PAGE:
Patterns of Citations of Open Access and Non‐Open Access Conservation Biology Journal Papers and Book Chapters
wnik's bookmarks 2018-05-14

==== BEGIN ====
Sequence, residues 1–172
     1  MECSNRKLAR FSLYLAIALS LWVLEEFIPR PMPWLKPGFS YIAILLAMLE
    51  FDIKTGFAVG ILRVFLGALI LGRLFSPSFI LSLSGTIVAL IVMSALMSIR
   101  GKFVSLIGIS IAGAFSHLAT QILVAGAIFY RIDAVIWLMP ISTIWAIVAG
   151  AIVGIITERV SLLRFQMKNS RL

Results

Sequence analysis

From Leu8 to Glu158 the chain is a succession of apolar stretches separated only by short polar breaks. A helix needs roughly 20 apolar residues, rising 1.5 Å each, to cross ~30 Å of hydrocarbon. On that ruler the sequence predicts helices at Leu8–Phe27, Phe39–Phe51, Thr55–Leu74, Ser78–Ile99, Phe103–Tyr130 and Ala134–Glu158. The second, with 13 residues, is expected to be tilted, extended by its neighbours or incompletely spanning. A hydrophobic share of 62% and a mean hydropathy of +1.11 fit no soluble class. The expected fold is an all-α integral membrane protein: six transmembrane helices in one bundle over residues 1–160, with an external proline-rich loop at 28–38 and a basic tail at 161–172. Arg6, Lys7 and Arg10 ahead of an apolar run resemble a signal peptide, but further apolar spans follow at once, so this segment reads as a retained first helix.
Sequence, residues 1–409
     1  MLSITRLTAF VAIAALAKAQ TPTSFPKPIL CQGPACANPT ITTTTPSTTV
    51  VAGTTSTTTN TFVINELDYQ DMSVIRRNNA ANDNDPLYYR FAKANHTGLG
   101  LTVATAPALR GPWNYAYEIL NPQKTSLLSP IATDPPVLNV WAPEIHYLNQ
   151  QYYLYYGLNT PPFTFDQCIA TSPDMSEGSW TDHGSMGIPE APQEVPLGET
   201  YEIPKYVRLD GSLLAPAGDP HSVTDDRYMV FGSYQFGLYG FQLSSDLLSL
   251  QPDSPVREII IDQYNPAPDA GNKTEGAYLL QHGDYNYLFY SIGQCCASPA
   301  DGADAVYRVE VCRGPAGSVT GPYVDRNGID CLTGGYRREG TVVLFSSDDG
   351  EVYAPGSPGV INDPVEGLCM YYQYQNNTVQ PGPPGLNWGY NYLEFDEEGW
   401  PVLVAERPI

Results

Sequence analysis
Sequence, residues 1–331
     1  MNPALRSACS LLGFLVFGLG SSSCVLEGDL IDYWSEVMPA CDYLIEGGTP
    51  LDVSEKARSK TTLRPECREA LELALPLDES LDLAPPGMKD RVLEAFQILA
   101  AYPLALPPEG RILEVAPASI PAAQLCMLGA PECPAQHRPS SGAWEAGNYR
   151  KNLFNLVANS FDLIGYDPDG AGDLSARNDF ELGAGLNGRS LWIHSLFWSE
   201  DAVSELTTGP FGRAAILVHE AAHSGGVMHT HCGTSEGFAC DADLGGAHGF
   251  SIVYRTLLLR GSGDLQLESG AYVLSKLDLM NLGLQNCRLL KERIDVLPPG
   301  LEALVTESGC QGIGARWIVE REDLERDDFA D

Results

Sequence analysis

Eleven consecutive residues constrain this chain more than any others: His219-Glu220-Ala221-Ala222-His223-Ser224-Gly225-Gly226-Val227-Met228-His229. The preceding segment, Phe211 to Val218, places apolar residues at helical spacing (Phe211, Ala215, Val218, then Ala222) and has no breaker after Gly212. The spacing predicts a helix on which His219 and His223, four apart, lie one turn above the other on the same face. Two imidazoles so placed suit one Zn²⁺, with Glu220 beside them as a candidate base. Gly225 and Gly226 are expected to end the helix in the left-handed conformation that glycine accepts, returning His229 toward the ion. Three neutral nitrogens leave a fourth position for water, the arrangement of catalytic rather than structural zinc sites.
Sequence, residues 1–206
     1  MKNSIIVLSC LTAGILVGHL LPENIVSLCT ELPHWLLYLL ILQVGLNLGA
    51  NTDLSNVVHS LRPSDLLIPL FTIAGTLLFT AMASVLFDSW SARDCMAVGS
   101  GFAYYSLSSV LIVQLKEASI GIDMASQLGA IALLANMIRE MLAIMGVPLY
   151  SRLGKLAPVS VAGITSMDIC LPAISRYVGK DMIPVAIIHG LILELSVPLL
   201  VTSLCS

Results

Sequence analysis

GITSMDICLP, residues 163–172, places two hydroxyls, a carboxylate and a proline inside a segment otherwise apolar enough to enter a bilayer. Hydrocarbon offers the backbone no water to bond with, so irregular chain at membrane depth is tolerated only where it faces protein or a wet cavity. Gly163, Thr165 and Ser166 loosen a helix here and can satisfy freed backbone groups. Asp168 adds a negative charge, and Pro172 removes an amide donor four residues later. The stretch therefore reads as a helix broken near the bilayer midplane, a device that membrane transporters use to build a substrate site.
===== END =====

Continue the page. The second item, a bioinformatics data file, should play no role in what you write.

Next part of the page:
Abstract: Open access (OA) publishing, whereby authors, their institutions, or their granting bodies pay or provide a repository through which peer‐reviewed work is available online for free, is championed as a model to increase the number of citations per paper and disseminate results widely, especially to researchers in developing countries. We compared the number of citations of OA and non‐OA papers in six journals and four books published since 2000 to test whether OA increases number of citations overall and increases citations made by authors in developing countries. After controlling for type of paper (e.g., review or research paper), length of paper, authors’ citation profiles, number of authors per paper, and whether the author or the publisher released the paper in OA, OA had no statistically significant influence on the overall number of citations per journal paper. Journal papers were cited more frequently if the authors had published highly cited papers previously, were members of large teams of authors, or published relatively long papers, but papers were not cited more frequently if they were published in an OA source. Nevertheless, author‐archived OA book chapters accrued up to eight times more citations than chapters in the same book that were not available through OA, perhaps because there is no online abstracting service for book chapters. There was also little evidence that journal papers or book chapters published in OA received more citations from authors in developing countries relative to those journal papers or book chapters not published in OA. For scholarly publications in conservation biology, only book chapters had an OA citation advantage, and OA did not increase the number of citations papers or chapters received from authors in developing countries.